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  • Writer's pictureElizabeth Li

Summer Begins at The Phillips Collection

Updated: Sep 11, 2022

June 19, 2022

As COVID restrictions slacken, I am just as excited as many of you to travel again. If there were one thing I most eagerly anticipated, it would be to see some of the most notable art collections on the East Coast. I hoped to experience some of the more established and historical art museums after exhausting most in the vicinity of Los Angeles; in short, my expectations were wildly exceeded. To find out more, travel with me in the following articles as we cruise down the Atlantic Coast through eleven memorable yet unique art experiences.

Figure 1a: Photo taken by me of the entrance of the Phillips Collection

My first stop is Washington, D.C. Upon the first glimpse out my Uber window, the city's architectural style hits almost like a shock. The ornate pilasters, enormous Greek columns, the numerous public bronze sculptures, and even the fire escapes are a drastic change from the more functional style of Californian cities. You may also notice the frequent use of white sandstone or marble, especially in administrative buildings or museums. In reminiscence, I think this was one of the most defining characteristics of the appearance of D.C., as it gives the city a pristine feel different from the darker tones of most metropolises.


The first checkpoint of my museum marathon is the Phillips Collection, located in the midst of one of the most popular residential areas in the city. Suppose there were no banners outside advertising the museum's 100th anniversary; one might very well mistake the building for a private mansion (figure 1). With its red bricks, beige sandstone, and semi-circular entrance fronted by an intricate Japanese maple tree, this Georgian Revival-style building is undoubtedly luxurious. I admire the elegant, subtle opulence and the sense of home that this building emanates, which I later found was unique among all the museums I will visit.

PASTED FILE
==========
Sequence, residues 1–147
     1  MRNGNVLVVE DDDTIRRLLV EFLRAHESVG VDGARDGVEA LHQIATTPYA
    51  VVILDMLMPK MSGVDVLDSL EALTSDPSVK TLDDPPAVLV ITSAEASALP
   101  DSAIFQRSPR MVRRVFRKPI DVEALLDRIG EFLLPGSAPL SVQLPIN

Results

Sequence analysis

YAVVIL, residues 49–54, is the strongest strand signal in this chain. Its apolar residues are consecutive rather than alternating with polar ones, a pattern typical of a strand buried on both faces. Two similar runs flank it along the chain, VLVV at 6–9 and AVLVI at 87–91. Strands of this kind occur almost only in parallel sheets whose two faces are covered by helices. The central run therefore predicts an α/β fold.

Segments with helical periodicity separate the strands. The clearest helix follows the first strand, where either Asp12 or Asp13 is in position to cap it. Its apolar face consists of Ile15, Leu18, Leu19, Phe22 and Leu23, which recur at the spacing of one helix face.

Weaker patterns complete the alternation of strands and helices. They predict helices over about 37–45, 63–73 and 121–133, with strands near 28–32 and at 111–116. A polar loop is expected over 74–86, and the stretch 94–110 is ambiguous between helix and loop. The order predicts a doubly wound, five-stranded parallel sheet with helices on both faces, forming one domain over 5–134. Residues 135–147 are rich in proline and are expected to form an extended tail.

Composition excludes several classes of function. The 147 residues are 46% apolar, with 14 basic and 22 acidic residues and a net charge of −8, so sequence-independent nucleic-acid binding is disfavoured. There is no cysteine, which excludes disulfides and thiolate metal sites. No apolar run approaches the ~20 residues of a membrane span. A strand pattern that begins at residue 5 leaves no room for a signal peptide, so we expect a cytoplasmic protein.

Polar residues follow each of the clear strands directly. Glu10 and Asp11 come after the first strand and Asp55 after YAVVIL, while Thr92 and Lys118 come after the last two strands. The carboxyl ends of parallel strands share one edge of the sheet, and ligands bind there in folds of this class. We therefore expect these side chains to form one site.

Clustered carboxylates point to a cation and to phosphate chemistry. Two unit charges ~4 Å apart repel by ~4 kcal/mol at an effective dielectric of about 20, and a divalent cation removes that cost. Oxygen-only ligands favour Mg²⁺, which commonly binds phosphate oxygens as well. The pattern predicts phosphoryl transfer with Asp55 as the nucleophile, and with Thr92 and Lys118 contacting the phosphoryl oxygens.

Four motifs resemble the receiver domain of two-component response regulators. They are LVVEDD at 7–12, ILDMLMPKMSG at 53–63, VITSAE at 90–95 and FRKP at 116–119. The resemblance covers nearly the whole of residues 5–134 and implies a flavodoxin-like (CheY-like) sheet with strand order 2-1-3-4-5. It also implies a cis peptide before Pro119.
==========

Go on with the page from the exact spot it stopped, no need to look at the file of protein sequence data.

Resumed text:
The Phillip's Collection began as a private collection of Duncan Phillips and his mother. It was initially intended as a memorial in their family home for the former's late father and brother but was later repurposed as a public gallery with the vision of "an intimate museum combined with an experiment station." This history naturally creates the comfort and coziness of this museum.

Figure 1b: Photo taken by me of the entrance of the Phillips Collection

Figure 2: Photo taken by me of a staircase in The Phillips Collection building

Figure 3: Photos taken by me of various locations in the interior of the Phillips Collection

Favorite Works

Through the spiraling staircases and winding halls (figure 2), one of the first pieces that struck me was Ladder and Chair by Lowell Nesbitt (figure 4). Emerging from the corner of a turn in the hallway, the first quality that stands out is the abrupt color contrast between the black-and-white picture with the heather-colored wall. Dramatic would be my one-word description of this work. The photorealistic style emphasized structure, nearly in a mathematical sense, with interlacing linear and curvilinear forms. Its atmosphere, created by the eerie shadows and the unsettling composition of a canvas, ladder, and lacquered chair, is akin to a black-and-white thriller film. It attracts attention like a paused frame of a movie projected on a screen, and I find it quite impressive how commonplace props can inspire such an effect.

Figure 4: Ladder and Chair, 1967, Lowell Nesbitt